The first signs of financial issues at Dunfermline surfaced in Crawford's final season of his second spell at the club, 2003/04. Wages paid to players such as Crawford, Barry Nicholson and Andrius Skerla were incongruent with the club's income. The full impact of the shocking financial mismanagement implemented by Gavin Masterton and John Yorkston was not fully felt until the start of the next decade, but warning signs were there. Crawford left the Pars to move to Plymouth, then onto Dundee United and Aberdeen.
In 2006, now aged 32, Crawford signed for Dunfermline for a third time. This period would not replicate the success of his previous spell, although he did feature as a substitute in the 2007 Scottish Cup Final, which was lost to Celtic. Crawford was now more of a provider than a goalscorer and while still clearly an intelligent player, he did not make the same impact as he had done in the Calderwood era.
Crawford was released at the end of his contract in the summer of 2008 and played on for 3 more years, for 4 clubs in the lower reaches of the SPFL - East Fife 9which included a few months as player/manager), Cowdenbeath, Brechin and Forfar. He retired in 2011 having scored 177 goals in his professional career. 81 of those goals were scored as a Dunfermline player. He was also capped 25 times for Scotland.
In October 2011 Crawford moved into coaching at Falkirk, becoming assistant manager to Steven Pressley. He then took on the assistant manager role with Hearts, under Robbie Neilson. The pair took the club as far as second in the Premiership before leaving to join MK Dons in League 1 in England. Neilson and Crawford left MK Dons, in January this year, 14 months after being appointed.
Losing John Potter is undoubtedly a blow to Dunfermline but has been softened by securing the services of such a high calibre replacement. As the manager said, the move is short-term until a permanent replacement for Potter is appointed. Everyone at the club would welcome Crawford on a permanent deal but realistically he is likely to join up with Neilson as soon as the former Hearts boss takes on his next management position. Crawford himself may now have managerial ambitions having been an assistant boss for the past 7 years.
However long this fourth period as a Par lasts, this icon of the modern era will be a positive addition to the management team. Maybe one day in the future he will be back for a fifth time, in the manager's chair.
John Potter's second period at Dunfermline ended yesterday when it was confirmed he would move to Sunderland as first team coach. This is a tremendous opportunity for the popular and hard working coach and one that he thoroughly deserves. He will be much missed around EEP, not least because he is a self-confessed Pars fan and one of the few examples in the modern day game of a player, then coach, who was proud to represent his own team.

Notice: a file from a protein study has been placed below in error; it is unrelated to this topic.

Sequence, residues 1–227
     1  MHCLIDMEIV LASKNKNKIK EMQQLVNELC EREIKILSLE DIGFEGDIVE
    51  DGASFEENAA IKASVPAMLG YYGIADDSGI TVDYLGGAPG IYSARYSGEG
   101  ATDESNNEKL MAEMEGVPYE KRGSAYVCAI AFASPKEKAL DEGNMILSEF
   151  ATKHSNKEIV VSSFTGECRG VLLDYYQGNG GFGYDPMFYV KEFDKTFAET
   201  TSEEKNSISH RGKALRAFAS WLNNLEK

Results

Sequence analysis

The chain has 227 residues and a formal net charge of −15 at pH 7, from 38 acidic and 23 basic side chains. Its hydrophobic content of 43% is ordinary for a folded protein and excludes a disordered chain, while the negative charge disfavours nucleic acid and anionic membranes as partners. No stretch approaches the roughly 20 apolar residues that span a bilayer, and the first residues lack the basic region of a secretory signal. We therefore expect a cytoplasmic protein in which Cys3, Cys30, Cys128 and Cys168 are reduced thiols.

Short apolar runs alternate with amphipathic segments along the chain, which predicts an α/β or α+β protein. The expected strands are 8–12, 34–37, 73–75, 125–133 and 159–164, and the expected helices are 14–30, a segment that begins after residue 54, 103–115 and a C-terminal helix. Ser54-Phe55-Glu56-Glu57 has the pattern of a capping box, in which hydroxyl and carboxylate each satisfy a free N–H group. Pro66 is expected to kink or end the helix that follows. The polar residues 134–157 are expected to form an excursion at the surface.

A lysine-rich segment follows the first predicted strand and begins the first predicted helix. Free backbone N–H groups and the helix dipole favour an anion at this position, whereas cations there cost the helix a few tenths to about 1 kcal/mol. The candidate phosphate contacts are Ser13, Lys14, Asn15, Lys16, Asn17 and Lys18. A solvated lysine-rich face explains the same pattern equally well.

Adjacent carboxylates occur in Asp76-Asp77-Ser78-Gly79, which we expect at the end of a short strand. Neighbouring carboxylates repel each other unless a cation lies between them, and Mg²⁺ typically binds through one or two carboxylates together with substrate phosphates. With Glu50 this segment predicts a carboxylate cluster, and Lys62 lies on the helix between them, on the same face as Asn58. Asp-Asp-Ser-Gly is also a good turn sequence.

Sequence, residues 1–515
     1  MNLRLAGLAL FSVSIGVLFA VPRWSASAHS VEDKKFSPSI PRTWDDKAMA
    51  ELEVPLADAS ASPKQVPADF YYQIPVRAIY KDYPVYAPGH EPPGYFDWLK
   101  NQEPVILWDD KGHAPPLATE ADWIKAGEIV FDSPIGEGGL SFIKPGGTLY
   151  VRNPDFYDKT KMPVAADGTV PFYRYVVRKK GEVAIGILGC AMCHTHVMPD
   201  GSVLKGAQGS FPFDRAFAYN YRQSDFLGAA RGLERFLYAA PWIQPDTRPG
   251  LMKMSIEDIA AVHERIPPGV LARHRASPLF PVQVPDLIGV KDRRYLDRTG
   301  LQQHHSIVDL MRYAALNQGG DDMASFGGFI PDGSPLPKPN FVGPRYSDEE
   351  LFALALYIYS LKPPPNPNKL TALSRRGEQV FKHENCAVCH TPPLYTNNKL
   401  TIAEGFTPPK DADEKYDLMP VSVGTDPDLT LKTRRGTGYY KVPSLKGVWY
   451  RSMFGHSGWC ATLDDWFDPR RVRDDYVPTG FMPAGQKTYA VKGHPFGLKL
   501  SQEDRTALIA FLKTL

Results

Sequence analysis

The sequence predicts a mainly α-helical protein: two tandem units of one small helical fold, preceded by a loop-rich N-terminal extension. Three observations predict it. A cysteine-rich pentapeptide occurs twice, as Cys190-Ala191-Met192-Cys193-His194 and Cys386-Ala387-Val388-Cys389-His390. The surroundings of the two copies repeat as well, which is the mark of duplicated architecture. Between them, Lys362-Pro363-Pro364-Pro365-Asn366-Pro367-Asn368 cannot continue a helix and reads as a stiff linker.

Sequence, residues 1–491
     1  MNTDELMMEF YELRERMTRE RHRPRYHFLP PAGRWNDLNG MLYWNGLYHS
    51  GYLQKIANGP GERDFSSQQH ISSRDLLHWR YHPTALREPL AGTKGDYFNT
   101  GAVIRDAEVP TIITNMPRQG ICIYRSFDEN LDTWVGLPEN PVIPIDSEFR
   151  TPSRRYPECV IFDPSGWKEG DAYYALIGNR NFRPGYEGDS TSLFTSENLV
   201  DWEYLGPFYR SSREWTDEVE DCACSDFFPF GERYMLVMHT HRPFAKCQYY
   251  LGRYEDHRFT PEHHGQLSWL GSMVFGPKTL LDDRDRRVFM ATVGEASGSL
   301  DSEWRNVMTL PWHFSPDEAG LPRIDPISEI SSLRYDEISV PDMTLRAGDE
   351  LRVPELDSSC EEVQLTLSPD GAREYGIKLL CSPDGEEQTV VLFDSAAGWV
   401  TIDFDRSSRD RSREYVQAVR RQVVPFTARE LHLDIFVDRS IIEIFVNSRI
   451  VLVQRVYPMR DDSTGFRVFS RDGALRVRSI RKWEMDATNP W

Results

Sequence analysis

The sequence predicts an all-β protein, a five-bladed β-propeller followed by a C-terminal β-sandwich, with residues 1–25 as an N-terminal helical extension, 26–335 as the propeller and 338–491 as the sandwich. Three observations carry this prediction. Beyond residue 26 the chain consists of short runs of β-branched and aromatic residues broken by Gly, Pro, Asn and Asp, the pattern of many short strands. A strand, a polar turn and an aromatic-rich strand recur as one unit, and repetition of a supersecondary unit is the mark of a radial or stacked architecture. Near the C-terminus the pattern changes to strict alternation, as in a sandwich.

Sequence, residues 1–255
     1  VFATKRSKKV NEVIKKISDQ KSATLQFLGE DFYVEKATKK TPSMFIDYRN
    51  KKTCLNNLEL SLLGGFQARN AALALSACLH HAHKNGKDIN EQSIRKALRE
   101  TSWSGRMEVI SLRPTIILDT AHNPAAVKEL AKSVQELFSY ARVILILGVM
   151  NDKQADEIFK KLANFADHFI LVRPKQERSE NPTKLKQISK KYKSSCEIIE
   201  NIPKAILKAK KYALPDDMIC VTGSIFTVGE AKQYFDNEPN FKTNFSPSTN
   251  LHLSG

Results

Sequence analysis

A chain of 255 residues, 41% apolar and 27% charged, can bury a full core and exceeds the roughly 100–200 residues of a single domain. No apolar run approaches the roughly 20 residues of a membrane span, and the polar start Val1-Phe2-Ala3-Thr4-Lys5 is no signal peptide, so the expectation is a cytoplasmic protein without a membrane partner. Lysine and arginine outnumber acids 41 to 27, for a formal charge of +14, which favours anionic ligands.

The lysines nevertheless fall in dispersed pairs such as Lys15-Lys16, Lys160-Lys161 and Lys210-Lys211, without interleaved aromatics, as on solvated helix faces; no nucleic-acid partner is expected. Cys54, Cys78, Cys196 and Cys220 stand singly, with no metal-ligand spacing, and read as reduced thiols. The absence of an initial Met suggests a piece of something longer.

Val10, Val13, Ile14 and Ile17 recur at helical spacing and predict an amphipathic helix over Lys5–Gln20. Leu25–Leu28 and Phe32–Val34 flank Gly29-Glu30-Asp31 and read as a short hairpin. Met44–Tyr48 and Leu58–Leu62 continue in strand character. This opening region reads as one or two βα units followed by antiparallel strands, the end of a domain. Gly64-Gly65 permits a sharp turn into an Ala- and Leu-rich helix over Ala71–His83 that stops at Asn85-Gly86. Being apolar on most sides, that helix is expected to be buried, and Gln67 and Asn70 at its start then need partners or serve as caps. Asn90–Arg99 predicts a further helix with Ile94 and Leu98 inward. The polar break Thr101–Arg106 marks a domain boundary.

Potts joined Dunfermline as a 19 year old centre half in 1999 after a 2 year spell as a Celtic youth team player. He made 28 appearances for the Pars first team before leaving to join Clyde in 2002. From there he went to enjoy the best period of his playing career at St Mirren, from 2005 to 2011, which included promotion to the Premier League and 3 seasons as club captain. A change of manager in 2011 saw a squad clear-out which surprisingly included Potts. His next move was back to Dunfermline and marked the start of a 6 year period and the start of his coaching career.
Joining the club after its return to the top division in season 2011/12, Potts made 19 appearances before being loaned to Queen of the South for the second half of the season. The Pars team suffered relegation and manager Jim McIntyre was replaced by Jim Jefferies, who made Potts part of his coaching staff for the following season, 2012/13. The new-look Dunfermline team topped what is now the Championship until financial issues and eventual administration decimated the playing squad and left Potter and Craig Dargo as the club's senior players, with the bulk of the remaining squad being youth team players. Potts had guided the Pars youth team to the Scottish Youth Cup Final as the club's Under 20s coach but the sudden elevation of many of the young team to the first team, after many senior players were released, proved to be detrimental to both the youth team (the final was lost, to Celtic), and the young first team (a points deduction was followed by relegation to League 1).
After finishing second to Rangers in League 1 but losing the promotion play-off final in 2013/14, the team struggled in the early months of the next season, which they had started as firm favourites to win the division. Jefferies left the club and Potts, by now rarely featuring as a player, was promoted to the manager's role. Sadly, for a variety of reasons it was not a success and the club finished the season in seventh place in the third tier. Potts was retained by new manager Allan Johnston in the summer of 2015, returning to his coaching position with the Under 20s, in addition to working with the first team.
Potts' dedicated work as a coach and as a match observer for the manager, together with his positive manner and professionalism, made him a vital part of the management team as the club won the League 1 title in 2016 and the continuing year-on-year progress since. He has overseen the emergence of players such as Ryan Williamson, Lewis Martin, Callum Smith plus others who have moved on from Dunfermline including Shaun Byrne and Lewis Spence, both now Premiership players at Livingston and Dundee. I was fortunate to be able to attend many Under 20s games between 2015-2017, sitting in virtually empty stadiums or standing near the dug out at Kelty, the venue for many Under 20s Pars home games, in close proximity to Potts, and was very impressed by his method of coaching from the sidelines. Unlike some other clubs' coaches who spent entire games shouting expletives at their young players, Potts was always positive, encouraging his team and giving well-explained tactical advice: the type of coach that would be a dream for any young player to work with.